The Midnight Dawn: The ship begins to dock.
A woman stands, looking down, silently. Black waters swirl salty white foam; Icy waters move through flapping rudders; The sounds of shifting motors pound; This is a beckoning scene for one in feelings of immersing self-isolation; And, Lora stands at this very edge. Lora stands completely unaware of the true beauty that surrounds her at this very moment.
The ship’s docking, at Dearing's port, in the Kotzebue Sound... Alaska's pre-dawn dark blue skies with it’s tawny orangey gray clouds; A panoramic view of white snowy peak mountains surrounds the port. And yet, the only thing Lora has on her mind … is a small Inuit village that will soon make her isolation complete.
Out onto the deck Jeff calls, "Lora!"
Lora turns towards her husband's voice; But then, turns her eyes back to the whirling water over the stern.
"Sweetheart?" Jeff places his hand on Lora’s arm, "I called the shore; The transport will be waiting… as soon as we're finished docking."
Jeff's voice becomes serene.
“ Wow. Lora, I can’t believe it. It’s been eight years since I been home last."
Jeff places his hand on Lora's.
“ It’ll be good for us to be with family. We'll leave the ship before the sunrise and we’ll arrive in the village just in time to see the final day of Tribal Awareness Week. Lora, I wish we were here a couple of weeks ago. I think my mother would have been happier meeting you when she wasn't so busy...."
Lora turns…, "You know, Jeff; I do wish you would just shut the hell up!”
Lora pulls her hand away.
“ Please, just keep still until we get up there.”
Her teeth clench.
“ It's another four and a half-hours, to get to where we need to go. And, quite frankly, I think it's going to be hard enough for me to what needs to be done; And, I’d much rather get through this without having to listen to your mouth all the way up there."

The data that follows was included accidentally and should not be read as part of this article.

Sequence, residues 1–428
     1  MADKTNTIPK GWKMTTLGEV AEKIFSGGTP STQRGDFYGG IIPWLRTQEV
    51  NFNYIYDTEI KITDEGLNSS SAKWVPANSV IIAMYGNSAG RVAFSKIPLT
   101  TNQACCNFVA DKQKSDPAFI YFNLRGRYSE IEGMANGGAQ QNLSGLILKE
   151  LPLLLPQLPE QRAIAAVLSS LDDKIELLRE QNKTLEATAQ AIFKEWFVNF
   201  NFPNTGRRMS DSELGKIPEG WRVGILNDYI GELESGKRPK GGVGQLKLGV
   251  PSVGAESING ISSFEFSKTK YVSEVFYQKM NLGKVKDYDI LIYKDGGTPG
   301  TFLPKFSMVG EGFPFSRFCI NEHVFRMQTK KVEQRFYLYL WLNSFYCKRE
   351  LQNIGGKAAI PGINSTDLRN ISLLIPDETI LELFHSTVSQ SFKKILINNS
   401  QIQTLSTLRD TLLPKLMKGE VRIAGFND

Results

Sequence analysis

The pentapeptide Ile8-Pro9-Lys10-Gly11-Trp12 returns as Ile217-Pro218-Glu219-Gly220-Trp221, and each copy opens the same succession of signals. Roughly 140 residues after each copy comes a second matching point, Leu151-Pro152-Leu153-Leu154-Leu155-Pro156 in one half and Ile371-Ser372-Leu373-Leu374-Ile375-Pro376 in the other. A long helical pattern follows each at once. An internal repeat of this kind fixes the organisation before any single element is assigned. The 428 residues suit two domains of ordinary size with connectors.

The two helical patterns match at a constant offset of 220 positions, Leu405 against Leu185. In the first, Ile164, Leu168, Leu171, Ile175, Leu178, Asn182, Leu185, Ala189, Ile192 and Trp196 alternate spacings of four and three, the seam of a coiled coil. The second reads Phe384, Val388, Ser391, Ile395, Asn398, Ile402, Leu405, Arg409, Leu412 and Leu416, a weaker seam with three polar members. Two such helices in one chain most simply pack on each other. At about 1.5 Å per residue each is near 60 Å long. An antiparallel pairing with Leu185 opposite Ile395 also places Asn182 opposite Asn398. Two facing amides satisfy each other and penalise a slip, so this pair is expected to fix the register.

"Alright.", Jeff says in a somber voice. He turns to walk back inside but then he sees a new flicker of hope.
"Lora, I see the biplane. It's pulling in..; See it? See it, down there, at slip four, on the pier?!” Jeff smile’s pointing to the small transporter; As he does he grabs Lora kissing her cheek. “ I'm go get the porter to help me with our bags and we'll meet you down at the clearing, All right?”
"Fine.” Lora,…with a strain in her throat.
"Fine, let's just get this over with..."
Lora stands at the clearing;… She watches the ships crew set-up for a day of helping passengers board and depart the ship. Jeff arranged for the two of them to leave the ship two hours earlier than everyone else so they could meet up with their connection.
As Jeff and the porter comes down the ramp a man comes down the dock waiving.
Jeff calls out. "Lora, here comes Gabe!"
“ Gabe! Gabe!”
"Honey!? This is my cousin, Gabriel." Jeff says to Lora as they started down the pier to the biplane. “ He runs our local transport."
Gabe turns towards Lora.
" Yeah, I run everyone from our village up and down the river; Sometimes, I think this little craft here thinks she's just another boat! She so seldom has a chance to be airborne.”
The luggage is placed on board, Jeff and Lora settle into their seats and Gabe starts moving up the sound; Then, after about fifteen moments the little plane begins to lift, up and out, off the water.
Lora becomes startled, "I thought the plane wasn't going to leave… I thought we were not going to be airborne?! I thought we were riding up the river?"
"Yes, Lora." Gabe states with a giggle,
"Yes, the Koyukuk River! I'm sorry, I thought Jeff would have told you?! We'll be airborne for just over an hour then we’ll reach the Koyukuk River and then, from that point, we’ll be riding the river for another three hours till we reach the village."
Lora sits back… and begins to stare out at the enormity of the Alaskan skyline. For her, it seems to have no end; And yet, for Lora there seems to be, nothing, nothing at all but endings on her horizon.
The procession begins...
The parade comes down the main road in the small Inuit village. The local people are all playing drums, jingles and bones and they’re all wearing traditional ceremonial attire.
Lora starts looking around to find her husband but Jeff is gone. Lora thinks, angrily.
‘ This is so senseless!? Why did Jeff ******* up here? I can't believe this; Here I am at The Koyukon Festival to tell his mother we're divorcing!? His mother never wanted me in his life. He was just suppose to finish his studies and come back home. I'm sure she'll be relieved to see me gone from his life.’
Jeff comes up behind her, smiling.
"Honey, Honey isn't this wonderful?! I remember my parents and I participating all together in these events when I was small.”
Jeff points down the road. “ Hey Hon, look!" He places his arm on Lora's waistline.
Lora turns to him with a grimace," Remove that…!"
Jeff moved his hand and Lora turns to see where Jeff is pointing.